Inorganic surfaces and nanoparticles can accelerate or inhibit the fibrillation process of proteins and peptides, including the biomedically relevant amyloid β peptide. However, the microscopic mechanisms that determine such an effect are still poorly understood. By means of large-scale, state-of-the-art enhanced sampling molecular dynamics simulations, here we identify an interaction mechanism between the segments 16-22 of the amyloid β peptide, known to be fibrillogenic by itself, and the Au(111) surface in water that leads to the suppression of fiber-like conformations from the peptide conformational ensemble. Moreover, thanks to advanced simulation analysis techniques, we characterize the conformational selection vs. induced fit nature of the gold effect. Our results disclose an inhibition mechanism that is rooted in the details of the microscopic peptide-surface interaction rather than in general phenomena such as peptide sequestration from the solution.Inorganic surfaces and nanoparticles can accelerate or inhibit the fibrillation process of proteins and peptides, including the biomedically relevant amyloid β peptide. However, the microscopic mechanisms that determine such an effect are still poorly understood. By means of large-scale, state-of-the-art enhanced sampling molecular dynamics simulations, here we identify an interaction mechanism between the segments 16-22 of the amyloid β peptide, known to be fibrillogenic by itself, and the Au(111) surface in water that leads to the suppression of fiber-like conformations from the peptide conformational ensemble. Moreover, thanks to advanced simulation analysis techniques, we characterize the conformational selection vs. induced fit nature of the gold effect. Our results disclose an inhibition mechanism that is rooted in the details of the microscopic peptide-surface interaction rather than in general phenomena such as peptide sequestration from the solution. Electronic supplementary information (ESI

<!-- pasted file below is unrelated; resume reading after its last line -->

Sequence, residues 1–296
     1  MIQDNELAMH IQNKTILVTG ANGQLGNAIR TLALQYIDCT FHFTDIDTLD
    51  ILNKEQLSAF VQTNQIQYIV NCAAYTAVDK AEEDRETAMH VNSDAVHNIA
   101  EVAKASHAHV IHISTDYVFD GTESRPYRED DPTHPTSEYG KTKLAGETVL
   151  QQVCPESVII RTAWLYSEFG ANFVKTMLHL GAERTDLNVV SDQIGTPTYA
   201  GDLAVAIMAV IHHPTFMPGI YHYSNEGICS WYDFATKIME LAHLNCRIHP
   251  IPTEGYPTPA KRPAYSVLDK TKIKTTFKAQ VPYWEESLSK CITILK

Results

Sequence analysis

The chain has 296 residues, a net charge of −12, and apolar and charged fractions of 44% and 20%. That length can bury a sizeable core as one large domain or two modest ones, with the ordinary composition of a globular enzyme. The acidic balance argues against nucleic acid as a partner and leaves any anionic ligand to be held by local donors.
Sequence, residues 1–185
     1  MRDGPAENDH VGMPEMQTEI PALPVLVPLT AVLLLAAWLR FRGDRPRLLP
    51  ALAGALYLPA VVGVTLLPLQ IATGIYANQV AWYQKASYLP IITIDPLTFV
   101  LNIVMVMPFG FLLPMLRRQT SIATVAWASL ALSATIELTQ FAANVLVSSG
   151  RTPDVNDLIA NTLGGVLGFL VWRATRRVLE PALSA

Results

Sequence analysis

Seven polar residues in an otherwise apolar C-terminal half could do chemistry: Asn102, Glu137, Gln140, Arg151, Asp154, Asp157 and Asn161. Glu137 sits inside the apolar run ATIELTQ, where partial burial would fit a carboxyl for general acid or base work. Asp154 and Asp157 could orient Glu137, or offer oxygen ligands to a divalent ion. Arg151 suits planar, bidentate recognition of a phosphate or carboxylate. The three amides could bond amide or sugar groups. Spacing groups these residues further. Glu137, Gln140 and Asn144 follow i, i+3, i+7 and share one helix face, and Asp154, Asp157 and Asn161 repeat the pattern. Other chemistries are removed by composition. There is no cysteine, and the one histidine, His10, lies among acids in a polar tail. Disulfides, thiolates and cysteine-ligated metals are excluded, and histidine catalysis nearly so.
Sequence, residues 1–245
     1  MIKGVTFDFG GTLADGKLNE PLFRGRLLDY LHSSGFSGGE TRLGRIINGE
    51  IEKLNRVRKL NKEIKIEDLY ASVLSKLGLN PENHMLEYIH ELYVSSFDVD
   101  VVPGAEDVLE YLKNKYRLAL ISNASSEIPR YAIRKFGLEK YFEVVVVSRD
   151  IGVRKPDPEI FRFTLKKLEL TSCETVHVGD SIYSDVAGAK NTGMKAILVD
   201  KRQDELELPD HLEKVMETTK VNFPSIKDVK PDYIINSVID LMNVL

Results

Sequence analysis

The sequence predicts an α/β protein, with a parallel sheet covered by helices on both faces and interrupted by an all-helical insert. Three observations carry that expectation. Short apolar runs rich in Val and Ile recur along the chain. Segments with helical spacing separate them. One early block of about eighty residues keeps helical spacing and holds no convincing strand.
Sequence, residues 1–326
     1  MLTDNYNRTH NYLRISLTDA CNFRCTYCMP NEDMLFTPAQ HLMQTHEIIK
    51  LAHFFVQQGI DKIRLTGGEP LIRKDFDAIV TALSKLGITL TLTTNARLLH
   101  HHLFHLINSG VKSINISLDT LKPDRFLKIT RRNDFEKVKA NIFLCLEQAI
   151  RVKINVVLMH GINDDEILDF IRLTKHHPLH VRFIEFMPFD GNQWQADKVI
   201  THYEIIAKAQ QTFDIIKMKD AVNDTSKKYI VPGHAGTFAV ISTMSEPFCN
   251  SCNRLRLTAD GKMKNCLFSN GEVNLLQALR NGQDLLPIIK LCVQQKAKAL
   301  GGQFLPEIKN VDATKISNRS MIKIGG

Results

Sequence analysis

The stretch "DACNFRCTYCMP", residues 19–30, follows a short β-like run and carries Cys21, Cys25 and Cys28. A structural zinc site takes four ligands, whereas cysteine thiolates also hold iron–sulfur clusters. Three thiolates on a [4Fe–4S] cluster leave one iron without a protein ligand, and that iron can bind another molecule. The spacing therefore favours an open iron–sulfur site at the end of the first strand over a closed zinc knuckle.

17. Computing Nonequilibrium Conformational Dynamics of Structured Nucleic Acid Assemblies.